Wednesday’s Words/Nonfiction: To Herald the Coming Holidays–or Not?

I know, I know–it is not even mid-November and I dare to display this wreath! But we are bombarded with seasonal themes and items in stores and ads everywhere; I am made to think on the holidays despite my distaste of the early advancing of the madness. I write in a general protest. I am having second and third thoughts aplenty.

If I was an artist of considerable ability (not just a lazy wanna be who sketches and dabs paint now and again) I would create a spare but lovely watercolor and ink picture of a cozy, snow-laced cabin in the woods. White tapers would burn softly in two front windows, a curl of smoke rising from the chimney; a deer and fox would be peeking out from beneath frosty green boughs. A cardinal would fly by. I’d be standing in the open front door with Marc, arms opened.

Then I’d turn that bit of imagining into a card and send it off to family and friends some weeks ahead, with this message inside:

Skipping the holidays’ material madness at last, but come on by for a good hug–and a mug of something tasty–if desired.

That’s how I’m feeling about Christmas. I have given it my thoughtful attention. This may be the year some variation of that idea comes to be, rather than remain considered.

Thanksgiving is another matter, made for cooking and eating and convivial conversations around the table. Well, Marc cooks these days; I’ll toss a salad and prep veggies, make the drinks and pretty up our old oak table-and am happy to clean up. But even my long-standing love of baking has cooled. It seems to have slipped out the door with our five children, although I baked with and for grandkids here and there; even they have flown the coop. (Must wait for the six month old twins to grow up a bit and we’ll fling flour about and indulge in likely forbidden sugary delights.)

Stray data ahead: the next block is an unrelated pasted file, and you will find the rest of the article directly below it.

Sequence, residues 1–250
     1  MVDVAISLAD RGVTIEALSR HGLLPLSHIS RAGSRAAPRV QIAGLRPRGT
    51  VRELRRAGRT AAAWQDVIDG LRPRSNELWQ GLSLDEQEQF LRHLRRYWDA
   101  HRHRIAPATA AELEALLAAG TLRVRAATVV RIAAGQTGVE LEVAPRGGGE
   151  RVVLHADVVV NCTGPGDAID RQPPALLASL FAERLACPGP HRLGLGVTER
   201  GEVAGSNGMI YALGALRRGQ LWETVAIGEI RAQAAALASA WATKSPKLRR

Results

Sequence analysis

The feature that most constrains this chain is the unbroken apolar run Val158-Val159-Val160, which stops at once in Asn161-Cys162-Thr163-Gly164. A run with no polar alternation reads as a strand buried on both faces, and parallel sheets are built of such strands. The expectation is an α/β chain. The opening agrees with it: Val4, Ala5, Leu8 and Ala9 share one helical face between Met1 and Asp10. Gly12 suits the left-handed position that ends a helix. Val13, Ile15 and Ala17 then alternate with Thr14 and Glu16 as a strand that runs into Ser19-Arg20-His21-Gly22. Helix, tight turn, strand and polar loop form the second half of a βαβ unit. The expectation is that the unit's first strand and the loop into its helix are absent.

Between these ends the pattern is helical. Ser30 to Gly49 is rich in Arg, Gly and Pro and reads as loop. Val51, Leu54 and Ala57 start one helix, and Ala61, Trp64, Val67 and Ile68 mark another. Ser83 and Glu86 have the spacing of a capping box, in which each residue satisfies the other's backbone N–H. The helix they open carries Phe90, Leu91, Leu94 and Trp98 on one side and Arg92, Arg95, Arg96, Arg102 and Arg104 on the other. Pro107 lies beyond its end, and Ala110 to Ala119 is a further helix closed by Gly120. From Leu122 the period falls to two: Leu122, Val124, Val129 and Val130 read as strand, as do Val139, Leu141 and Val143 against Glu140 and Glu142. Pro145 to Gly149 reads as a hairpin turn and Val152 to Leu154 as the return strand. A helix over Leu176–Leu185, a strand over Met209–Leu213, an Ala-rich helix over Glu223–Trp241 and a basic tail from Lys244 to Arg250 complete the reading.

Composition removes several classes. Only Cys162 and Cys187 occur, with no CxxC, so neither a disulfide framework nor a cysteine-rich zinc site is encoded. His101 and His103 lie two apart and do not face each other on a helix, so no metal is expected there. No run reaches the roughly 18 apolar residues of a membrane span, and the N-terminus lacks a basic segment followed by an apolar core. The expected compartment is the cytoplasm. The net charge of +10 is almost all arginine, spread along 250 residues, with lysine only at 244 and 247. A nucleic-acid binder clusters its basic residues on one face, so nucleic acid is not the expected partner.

We will likely have Thanksgiving at our place until the adult children indicate they have lost interest or can’t manage it with their hectic lives and own broods. We’d be alright with someone else cooking up a feast, setting the table and cleaning up one of these years, too. Yet we enjoy the family gathering–with an occasional friend–tremendously. And this year my oldest daughter, Naomi (an art prof) is flying in from South Carolina to lecture at Portland State University and will stay on for Thanksgiving. This is a luxury visit; we are quite looking forward to it. (One thing I do love to do is talk with family– and others, the more the merrier.)

Still, then arrives Christmas. What is it that has me with knuckles to teeth as we try to determine the best way to celebrate?

That nostalgic scene I have the urge to create–cabin in snow, deer and fox, a cheery cardinal; candlelight and inviting fireplace and woods about–all enticing one indoors to see what else awaits–is just that: nostalgia. I don’t own a cabin or cottage and never experienced a Christmas in either but it sure sounds good, evokes the peace and pleasures that deeply appeal. (There are people who live out this fantasy. I have a niece whose family convenes in her Colorado mountain lodge. The photos posted are wonderful.) I did grow up in Michigan. There was often a glittering white blanket silencing the outside noise as we crowded about a festive tree. We sang around the baby grand, familiar hymns and carols; our family made a natural chorus and music was a huge part of Christmas. So maybe all that set precedents which are not now met as once before.